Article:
In organic dairy farming, a goal about improved animal welfare and avoidance of the use of chemicals has introduced restrictions in the use of antimicrobials for treatment of infectious diseases. Mastitis is the major cause of antimicrobial treatments in Danish dairy farming. In order to improve and minimise the use of antimicrobials and the risk of antimicrobial resistance in organic farming, a study based on qualitative research interviews with newly converted organic farmers was carried out. Twenty farmers, 18-26 months after conversion, were interviewed focusing on mastitis treatment patterns and the farmers' own perception of possible changes in strategies, choices and daily routines linked to mastitis handling. Antimicrobial treatment was the dominant treatment method in these herds, and regarded as the treatment method with best and most well known prognosis concerning a prognosis of cure. Severe symptoms of mastitis and affected general condition of the cow would cause antimicrobial treatment in all herds. Almost all other mastitis treatment choices were based on herd level considerations. Changes due to conversion to organic farming were experienced on the level of land and crop production, and only to a very little extent directly linked to the herd and management choices related to disease prevention and treatment. Veterinary involvement in choices and professional discussions seemed very sparse, and a major challenge for the future development of organic dairy farming must be outlined, in relation to development of explicit treatment strategies based on well-evaluated data analyses, founded on the results from the individual herd. (C) 2002 Published by Elsevier Science B.V.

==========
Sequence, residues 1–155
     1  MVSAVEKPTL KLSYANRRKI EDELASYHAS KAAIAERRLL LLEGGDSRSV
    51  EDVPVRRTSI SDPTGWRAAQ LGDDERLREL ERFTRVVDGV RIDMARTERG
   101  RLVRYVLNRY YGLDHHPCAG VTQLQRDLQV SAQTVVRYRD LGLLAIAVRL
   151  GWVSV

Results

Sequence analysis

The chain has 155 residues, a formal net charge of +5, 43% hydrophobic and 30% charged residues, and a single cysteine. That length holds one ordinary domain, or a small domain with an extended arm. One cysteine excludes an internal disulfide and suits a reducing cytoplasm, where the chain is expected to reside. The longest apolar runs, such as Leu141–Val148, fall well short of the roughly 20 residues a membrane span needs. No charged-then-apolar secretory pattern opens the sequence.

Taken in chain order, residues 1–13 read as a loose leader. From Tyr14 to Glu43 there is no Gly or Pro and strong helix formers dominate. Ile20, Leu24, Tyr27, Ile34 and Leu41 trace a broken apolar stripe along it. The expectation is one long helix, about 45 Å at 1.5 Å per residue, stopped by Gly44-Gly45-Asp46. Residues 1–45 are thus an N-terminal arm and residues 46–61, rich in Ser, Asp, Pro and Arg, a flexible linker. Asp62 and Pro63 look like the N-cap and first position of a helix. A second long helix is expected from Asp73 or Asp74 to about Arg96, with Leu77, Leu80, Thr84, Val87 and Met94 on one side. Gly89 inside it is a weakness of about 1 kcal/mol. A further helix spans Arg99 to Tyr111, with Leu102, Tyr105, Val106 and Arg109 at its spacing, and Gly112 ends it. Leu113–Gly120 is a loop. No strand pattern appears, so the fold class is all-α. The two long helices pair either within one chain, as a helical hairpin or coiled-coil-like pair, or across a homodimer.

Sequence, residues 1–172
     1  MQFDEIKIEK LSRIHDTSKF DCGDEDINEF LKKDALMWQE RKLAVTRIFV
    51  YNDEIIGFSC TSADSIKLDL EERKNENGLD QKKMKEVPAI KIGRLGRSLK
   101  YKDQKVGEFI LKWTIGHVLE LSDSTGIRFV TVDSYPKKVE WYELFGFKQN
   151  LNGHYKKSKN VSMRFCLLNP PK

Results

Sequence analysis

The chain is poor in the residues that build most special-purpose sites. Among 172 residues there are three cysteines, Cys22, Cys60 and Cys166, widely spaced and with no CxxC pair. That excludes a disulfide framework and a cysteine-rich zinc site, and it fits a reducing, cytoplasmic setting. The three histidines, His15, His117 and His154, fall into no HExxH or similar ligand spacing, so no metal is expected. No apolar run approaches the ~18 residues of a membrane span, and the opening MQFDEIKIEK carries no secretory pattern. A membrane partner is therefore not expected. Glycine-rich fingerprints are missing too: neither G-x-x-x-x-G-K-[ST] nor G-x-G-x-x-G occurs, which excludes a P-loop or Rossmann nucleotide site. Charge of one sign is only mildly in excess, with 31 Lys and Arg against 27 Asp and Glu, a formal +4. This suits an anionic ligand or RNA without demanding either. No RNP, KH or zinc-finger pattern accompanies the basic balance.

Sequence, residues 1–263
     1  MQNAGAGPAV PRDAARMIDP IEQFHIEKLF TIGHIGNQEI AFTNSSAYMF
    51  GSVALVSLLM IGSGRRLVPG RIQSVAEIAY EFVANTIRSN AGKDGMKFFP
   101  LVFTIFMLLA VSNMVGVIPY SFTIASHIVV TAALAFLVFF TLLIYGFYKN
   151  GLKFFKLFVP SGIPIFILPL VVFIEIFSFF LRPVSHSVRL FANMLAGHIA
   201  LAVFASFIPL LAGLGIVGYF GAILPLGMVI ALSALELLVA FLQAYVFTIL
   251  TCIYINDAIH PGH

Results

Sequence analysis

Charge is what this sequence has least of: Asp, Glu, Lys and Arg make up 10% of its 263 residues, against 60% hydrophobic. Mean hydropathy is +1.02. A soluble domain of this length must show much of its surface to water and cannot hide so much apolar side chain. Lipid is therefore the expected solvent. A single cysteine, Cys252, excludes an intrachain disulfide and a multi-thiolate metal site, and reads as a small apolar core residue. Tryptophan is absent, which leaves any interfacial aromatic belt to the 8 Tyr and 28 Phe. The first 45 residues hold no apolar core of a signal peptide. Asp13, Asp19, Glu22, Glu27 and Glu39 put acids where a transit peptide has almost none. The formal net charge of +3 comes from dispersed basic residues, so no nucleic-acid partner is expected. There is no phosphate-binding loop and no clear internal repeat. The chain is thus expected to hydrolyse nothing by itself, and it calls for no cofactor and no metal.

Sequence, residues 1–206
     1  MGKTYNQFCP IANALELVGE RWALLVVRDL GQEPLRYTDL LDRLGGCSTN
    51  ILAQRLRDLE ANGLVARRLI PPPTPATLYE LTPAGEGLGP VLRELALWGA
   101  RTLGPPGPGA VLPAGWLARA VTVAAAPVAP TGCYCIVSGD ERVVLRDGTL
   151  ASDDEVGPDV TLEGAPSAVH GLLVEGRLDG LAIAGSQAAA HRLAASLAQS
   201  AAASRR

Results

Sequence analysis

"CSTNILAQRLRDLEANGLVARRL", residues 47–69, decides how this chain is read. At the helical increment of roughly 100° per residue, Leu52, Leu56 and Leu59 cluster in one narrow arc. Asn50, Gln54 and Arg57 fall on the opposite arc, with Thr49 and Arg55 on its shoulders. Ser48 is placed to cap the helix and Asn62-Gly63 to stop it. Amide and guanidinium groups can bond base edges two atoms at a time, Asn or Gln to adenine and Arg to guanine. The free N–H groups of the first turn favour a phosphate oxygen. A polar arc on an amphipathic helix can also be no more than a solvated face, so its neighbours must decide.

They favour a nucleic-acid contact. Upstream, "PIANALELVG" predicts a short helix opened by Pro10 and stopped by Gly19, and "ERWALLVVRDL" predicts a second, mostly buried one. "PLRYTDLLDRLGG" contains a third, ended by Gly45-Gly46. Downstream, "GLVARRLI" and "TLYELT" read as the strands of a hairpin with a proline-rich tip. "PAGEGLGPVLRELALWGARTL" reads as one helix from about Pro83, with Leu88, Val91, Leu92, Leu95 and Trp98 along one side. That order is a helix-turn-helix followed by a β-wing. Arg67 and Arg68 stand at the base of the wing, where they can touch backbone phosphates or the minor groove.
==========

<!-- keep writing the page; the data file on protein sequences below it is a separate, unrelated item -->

|Journal||Livestock Production Science|
|Publication status||Published - 2003|